Ten-year stability and latent structure of the DSM-IV schizotypal, borderline, avoidant, and obsessive-compulsive personality disorders

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Journal of Abnormal Psychology, Vol: 118, Issue: 3, Page: 507-519

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Sanislow, Charles A.; Little, Todd D.; Grilo, Carlos M.; Daversa, Maria; Markowitz, John C.; Pinto, Anthony; Shea, M. Tracie; Yen, Shirley; Skodol, Andrew E.; Morey, Leslie C.; Gunderson, John G.; Zanarini, Mary C.; McGlashan, Thomas H. Show More Hide
CLPS; Collaborative Longitudinal Personality Study; Stability; Latent Structure; factor analysis; DSM; DSM-IV; Axis I; Axis II; Personality Disorders; Borderline; Schizotypal; Avoidant; Obsessive-Compulsive; Behavioral Disciplines and Activities; Behavior and Behavior Mechanisms; Clinical Epidemiology; Clinical Psychology; Mental Disorders; Personality and Social Contexts; Psychiatry; Psychiatry and Psychology; Psychological Phenomena and Processes; Psychology; Quantitative Psychology
article description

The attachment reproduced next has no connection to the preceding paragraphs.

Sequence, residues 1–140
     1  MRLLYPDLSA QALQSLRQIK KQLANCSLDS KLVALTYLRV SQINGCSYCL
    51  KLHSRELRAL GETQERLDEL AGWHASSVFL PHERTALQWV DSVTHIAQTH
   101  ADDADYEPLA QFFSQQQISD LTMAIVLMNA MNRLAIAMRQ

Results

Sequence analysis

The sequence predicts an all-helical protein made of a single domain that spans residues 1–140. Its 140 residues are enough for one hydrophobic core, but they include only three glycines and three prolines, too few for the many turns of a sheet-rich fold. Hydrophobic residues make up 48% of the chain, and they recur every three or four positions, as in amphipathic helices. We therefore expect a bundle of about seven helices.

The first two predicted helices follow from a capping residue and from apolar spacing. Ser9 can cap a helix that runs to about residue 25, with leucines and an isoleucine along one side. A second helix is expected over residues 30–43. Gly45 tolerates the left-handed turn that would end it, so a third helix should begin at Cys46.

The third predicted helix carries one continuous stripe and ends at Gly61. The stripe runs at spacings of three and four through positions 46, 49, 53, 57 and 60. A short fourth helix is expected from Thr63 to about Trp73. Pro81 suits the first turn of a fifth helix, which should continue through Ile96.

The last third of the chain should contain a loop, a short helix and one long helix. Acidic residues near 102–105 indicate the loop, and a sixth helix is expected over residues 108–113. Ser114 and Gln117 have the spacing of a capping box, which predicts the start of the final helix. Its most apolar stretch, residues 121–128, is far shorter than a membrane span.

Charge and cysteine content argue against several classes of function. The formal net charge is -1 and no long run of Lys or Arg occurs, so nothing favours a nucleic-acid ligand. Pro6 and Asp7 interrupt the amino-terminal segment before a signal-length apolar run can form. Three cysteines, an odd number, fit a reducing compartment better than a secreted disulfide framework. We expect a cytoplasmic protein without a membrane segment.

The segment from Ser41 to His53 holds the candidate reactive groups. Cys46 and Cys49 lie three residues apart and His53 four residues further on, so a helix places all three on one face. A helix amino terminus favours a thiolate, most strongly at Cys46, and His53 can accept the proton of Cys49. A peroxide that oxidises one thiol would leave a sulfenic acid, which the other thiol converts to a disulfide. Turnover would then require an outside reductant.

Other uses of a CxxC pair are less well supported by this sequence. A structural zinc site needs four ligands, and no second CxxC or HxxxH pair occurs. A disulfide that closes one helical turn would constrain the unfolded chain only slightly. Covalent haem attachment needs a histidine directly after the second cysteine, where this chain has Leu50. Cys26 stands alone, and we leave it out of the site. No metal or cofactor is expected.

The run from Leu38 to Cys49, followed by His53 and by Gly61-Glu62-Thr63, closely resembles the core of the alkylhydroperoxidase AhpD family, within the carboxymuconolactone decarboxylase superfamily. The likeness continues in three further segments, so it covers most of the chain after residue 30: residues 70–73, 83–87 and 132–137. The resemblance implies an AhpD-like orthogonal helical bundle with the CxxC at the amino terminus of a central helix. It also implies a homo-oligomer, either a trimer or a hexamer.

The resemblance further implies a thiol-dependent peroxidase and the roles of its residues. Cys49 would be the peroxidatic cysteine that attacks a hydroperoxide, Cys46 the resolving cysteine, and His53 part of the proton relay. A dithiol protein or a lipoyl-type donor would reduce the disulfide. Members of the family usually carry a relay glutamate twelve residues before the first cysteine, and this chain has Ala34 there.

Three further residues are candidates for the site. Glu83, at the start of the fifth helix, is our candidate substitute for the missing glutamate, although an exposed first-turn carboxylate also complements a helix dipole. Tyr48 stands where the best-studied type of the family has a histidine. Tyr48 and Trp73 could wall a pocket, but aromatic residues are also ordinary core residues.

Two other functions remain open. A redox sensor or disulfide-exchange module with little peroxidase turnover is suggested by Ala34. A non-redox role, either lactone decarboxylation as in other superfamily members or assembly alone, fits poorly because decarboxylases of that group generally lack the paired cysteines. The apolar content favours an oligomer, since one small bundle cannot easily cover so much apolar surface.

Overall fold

Evaluation of the validity of personality disorder (PD) diagnostic constructs is important for the impending revision of the Diagnostic and Statistical Manual of Mental Disorders. Prior factor analytic studies have tested these constructs in cross-sectional studies, and models have been replicated longitudinally, but no study has tested a constrained longitudinal model. The authors examined 4 PDs in the Collaborative Longitudinal Personality Disorders study (schizotypal, borderline, avoidant, and obsessive-compulsive) over 7 time points (baseline, 6 months, 1 year, 2 years, 4 years, 6 years, and 10 years). Data for 2-, 4-, 6- and 10-year assessments were obtained in semistructured interviews by raters blind to prior PD diagnoses at each assessment. The latent structure of the 4 constructs was differentiated during the initial time points but became less differentiated over time as the mean levels of the constructs dropped and stability increased. Obsessive-compulsive PD became more correlated with schizotypal and borderline PD than with avoidant PD. The higher correlation among the constructs in later years may reflect greater shared base of pathology for chronic personality disorders.